Home Uncategorized Scottish Water GM makes UK list of 50 most influential female engineers
Belinda Oldfield honoured in first ever list of its kind to mark National Women in Engineering Day
A woman who has dedicated most of her career to improving Scotland’s water network has been named one of the UK’s 50 most influential female engineers.
Belinda Oldfield, who is general manager at Scottish Water, has been recognised on the first ever list of its type to mark National Women in Engineering Day (NWED).
Now the accomplished civil engineer says she hopes the list will help inspire more women into engineering careers.
Oldfield said: “My degree in Civil Engineering has given me an incredibly rewarding career which I love. To be included in the Top 50 list among such stellar company is an incredible honour.”
Over recent years there has been a major drive, known as STEM, to attract more girls and young women into careers in science, technology, engineering and mathematics where, for decades, such disciplines have been dominated by men.
The Top 50 list celebrates women who have made a major contribution in engineering and the increasing range of prominent roles undertaken by women in the sector.
Names on the list include popular BBC Breakfast presenter Steph McGovern, a former engineer who works to encourage the next generation into engineering, and Chi Onwurah, MP, the only female engineer in Parliament.
Other big hitters include Dame Ann Dowling OM DBE, President of the Royal Academy of Engineering; Naomi Climer, President of the Institution of Engineering and Technology; and Dame Judith Hackitt DBE, former Chair of the Health and Safety Executive and now Chair of EEF the Manufacturers’ Organisation.
Oldfield added: “There have been changes over the years and it is brilliant to see so many women making their mark across such diverse roles in the engineering sector.
“In any field, talent is talent and I think we need to get to the point where we won’t think in terms of male engineers or female engineers – just experts who get the job done irrespective of gender.
“I hope that this Top 50 List shines a light on the incredible careers that girls are missing out on because they perhaps don’t know where engineering qualifications could take them.”
Oldfield studied at Abertay University, where she graduated with a BEng Hons in Civil Engineering. She also completed a Masters in Business Administration sponsored by Central Region, where she started her career in water. Since then she has spent over 20 years in the water industry.
She started her career as a graduate engineer in the private sector and then moved to Central Region Water & Drainage. She became a chartered engineer and quickly moved on to managing a number of projects at the time the regional water & drainage departments were being re-organised to form three Water Authorities.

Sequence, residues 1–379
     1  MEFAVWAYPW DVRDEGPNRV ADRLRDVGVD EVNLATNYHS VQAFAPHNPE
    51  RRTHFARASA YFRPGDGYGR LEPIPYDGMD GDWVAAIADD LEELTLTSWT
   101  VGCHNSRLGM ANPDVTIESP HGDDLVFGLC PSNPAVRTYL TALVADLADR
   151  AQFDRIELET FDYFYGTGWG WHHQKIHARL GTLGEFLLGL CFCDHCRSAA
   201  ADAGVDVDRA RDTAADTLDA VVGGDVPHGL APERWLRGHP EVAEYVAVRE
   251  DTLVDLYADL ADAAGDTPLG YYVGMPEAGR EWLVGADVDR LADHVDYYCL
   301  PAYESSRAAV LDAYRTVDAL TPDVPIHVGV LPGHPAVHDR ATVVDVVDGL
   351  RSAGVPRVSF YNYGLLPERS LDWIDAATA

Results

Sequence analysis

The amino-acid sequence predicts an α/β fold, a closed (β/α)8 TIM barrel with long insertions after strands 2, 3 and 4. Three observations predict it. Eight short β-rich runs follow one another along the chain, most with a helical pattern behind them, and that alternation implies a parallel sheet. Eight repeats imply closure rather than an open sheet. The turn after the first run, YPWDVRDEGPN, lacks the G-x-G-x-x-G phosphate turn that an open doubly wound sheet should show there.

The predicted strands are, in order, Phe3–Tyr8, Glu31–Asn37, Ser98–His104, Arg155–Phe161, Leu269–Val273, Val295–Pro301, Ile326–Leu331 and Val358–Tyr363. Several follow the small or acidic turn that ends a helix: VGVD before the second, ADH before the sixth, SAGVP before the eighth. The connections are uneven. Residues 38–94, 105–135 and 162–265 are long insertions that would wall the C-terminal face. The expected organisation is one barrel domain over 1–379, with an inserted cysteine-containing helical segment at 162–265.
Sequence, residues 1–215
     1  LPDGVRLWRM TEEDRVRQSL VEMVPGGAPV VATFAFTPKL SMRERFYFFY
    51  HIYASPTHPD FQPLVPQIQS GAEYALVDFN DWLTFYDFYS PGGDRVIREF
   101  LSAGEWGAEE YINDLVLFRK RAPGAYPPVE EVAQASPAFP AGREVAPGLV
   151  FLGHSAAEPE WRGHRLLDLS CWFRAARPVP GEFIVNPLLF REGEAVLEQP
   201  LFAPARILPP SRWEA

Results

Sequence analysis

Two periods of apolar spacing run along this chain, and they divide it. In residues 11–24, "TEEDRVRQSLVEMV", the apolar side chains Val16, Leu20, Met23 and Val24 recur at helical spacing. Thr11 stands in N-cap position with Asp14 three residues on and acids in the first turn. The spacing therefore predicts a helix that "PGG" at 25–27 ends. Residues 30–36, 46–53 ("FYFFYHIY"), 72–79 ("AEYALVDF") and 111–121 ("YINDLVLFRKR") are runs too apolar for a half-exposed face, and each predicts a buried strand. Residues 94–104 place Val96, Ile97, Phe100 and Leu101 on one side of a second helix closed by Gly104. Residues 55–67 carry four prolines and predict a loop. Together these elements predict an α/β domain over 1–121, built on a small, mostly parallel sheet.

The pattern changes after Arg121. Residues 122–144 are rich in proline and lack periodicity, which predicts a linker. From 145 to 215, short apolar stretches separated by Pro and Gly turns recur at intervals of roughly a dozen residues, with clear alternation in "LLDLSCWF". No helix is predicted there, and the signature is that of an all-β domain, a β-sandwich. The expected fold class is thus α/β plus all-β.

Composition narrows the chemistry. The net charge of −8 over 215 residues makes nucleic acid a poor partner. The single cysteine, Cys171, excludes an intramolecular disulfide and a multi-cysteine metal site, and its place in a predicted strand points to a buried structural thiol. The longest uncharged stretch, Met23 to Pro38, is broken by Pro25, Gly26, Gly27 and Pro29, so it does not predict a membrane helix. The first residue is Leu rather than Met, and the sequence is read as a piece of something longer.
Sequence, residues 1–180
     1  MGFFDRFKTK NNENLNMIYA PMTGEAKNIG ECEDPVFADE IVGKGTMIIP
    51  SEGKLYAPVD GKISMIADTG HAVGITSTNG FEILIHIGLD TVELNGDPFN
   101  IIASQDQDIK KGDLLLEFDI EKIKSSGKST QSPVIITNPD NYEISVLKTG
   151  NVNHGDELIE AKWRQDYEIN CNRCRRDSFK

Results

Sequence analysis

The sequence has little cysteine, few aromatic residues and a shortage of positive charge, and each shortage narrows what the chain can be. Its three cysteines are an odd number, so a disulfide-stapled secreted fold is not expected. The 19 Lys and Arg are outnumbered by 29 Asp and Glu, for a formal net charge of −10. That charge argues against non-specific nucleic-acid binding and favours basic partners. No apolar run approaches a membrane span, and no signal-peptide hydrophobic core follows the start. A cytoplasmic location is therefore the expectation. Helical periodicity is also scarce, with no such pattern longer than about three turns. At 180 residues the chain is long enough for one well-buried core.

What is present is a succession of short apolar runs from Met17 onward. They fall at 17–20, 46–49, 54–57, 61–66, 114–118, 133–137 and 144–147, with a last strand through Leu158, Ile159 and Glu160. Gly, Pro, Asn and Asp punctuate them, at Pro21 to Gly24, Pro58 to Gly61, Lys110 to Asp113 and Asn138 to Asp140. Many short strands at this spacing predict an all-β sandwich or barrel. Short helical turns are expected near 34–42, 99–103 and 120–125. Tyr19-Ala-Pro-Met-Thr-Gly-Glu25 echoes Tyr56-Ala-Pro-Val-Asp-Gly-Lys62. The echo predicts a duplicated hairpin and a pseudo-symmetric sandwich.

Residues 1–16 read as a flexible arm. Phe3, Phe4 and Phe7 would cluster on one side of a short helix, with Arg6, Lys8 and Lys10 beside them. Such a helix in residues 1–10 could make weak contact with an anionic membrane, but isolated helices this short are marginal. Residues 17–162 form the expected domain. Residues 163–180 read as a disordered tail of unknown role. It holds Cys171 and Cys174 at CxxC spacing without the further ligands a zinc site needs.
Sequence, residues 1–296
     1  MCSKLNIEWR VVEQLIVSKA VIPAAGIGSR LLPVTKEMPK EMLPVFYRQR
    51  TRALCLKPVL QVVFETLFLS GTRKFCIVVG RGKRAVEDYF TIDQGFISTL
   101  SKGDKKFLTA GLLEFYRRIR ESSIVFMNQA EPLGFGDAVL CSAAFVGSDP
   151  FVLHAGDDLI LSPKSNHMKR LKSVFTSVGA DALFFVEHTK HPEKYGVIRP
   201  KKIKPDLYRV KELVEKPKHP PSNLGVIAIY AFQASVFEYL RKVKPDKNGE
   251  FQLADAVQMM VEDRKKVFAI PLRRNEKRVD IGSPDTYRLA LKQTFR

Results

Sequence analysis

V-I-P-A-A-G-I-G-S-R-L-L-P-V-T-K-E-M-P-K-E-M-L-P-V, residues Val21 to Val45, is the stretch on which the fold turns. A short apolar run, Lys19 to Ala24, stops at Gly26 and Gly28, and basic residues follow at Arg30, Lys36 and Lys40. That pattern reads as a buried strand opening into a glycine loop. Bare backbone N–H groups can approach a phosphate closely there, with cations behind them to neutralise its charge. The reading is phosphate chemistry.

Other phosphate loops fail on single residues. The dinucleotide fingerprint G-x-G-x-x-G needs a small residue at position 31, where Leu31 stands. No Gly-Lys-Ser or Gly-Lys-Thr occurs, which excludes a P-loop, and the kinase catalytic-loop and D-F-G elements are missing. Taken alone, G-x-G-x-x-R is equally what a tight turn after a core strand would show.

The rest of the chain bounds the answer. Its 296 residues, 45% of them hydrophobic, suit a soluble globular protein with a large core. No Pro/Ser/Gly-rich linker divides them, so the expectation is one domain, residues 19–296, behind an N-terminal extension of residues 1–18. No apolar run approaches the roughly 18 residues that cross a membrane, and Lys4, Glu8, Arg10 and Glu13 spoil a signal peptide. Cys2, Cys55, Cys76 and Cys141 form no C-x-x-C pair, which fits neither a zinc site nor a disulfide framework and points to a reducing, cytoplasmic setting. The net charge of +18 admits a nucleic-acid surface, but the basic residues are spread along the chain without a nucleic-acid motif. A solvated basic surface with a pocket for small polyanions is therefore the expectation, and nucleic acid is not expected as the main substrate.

She was then promoted to Capital Investment Manager in East of Scotland Water responsible for managing the water investment programme.
While her early career was driven by her engineering expertise, she was promoted into more senior roles focusing on how Scottish Water is regulated and financed. In 2001 she was part of the merger team which created Scottish Water from three existing water authorities in Scotland. In 2002 Belinda moved into the role of General Manager for Regulation and Risk and was one of the key figures who worked towards making a success of the regulatory framework in the water sector in Scotland.
Since 2002 the publicly owned utility has gone on to become one of the best performing water companies in the UK, delivering record levels of water quality , while bills are on average £38 a year less than those in England and Wales.
Since 2014, Oldfield has been Scottish Water’s General Manager for Revenue and Corporate Risk Management.
She is responsible for revenue from 2.5million customers and 160,000 businesses and for managing the wholesale market, as more retailers come into the competitive water retail market.
Oldfield is also responsible for Scottish Water’s corporate risk management, working to ensure any risks are identified and managed in in delivering operational services to customers and investing in new assets.
She is the Scottish area president of the Institute of Water with responsibility for professional training and development in the Scottish area. She was also appointed as Non-executive Director of Highlands & Island Enterprise in April 2016.
Oldfield added: “Throughout my career I am fortunate that I have been able to work with a network of people in Scotland and more widely in the UK who have supported me in my work at Scottish Water and beyond.”
The names of more than 900 women in engineering roles were put forward for consideration to be included in the Top 50. The final list was pulled together by a panel of esteemed experts and the candidates represent a broad range of engineering roles.
Dawn Bonfield, chief executive of the Women’s Engineering Society who is also the founder of NWED, said: “We had a very high response to this campaign and were hugely impressed with the entries.
“This list of amazing role models is a great way of raising the profile of our talented women engineers and making them more visible both within the industry and to the next generation.”
The praise was echoed by Shirley Campbell, director of People at Scottish Water, who paid tribute to Oldfield’s achievement in being included on the list and said: “Belinda’s recognition is wonderful news.
“Her contribution to the work Scottish Water does is invaluable and we’re all so pleased that she is making an impact on the industry and helping to give an example to girls and young women everywhere.”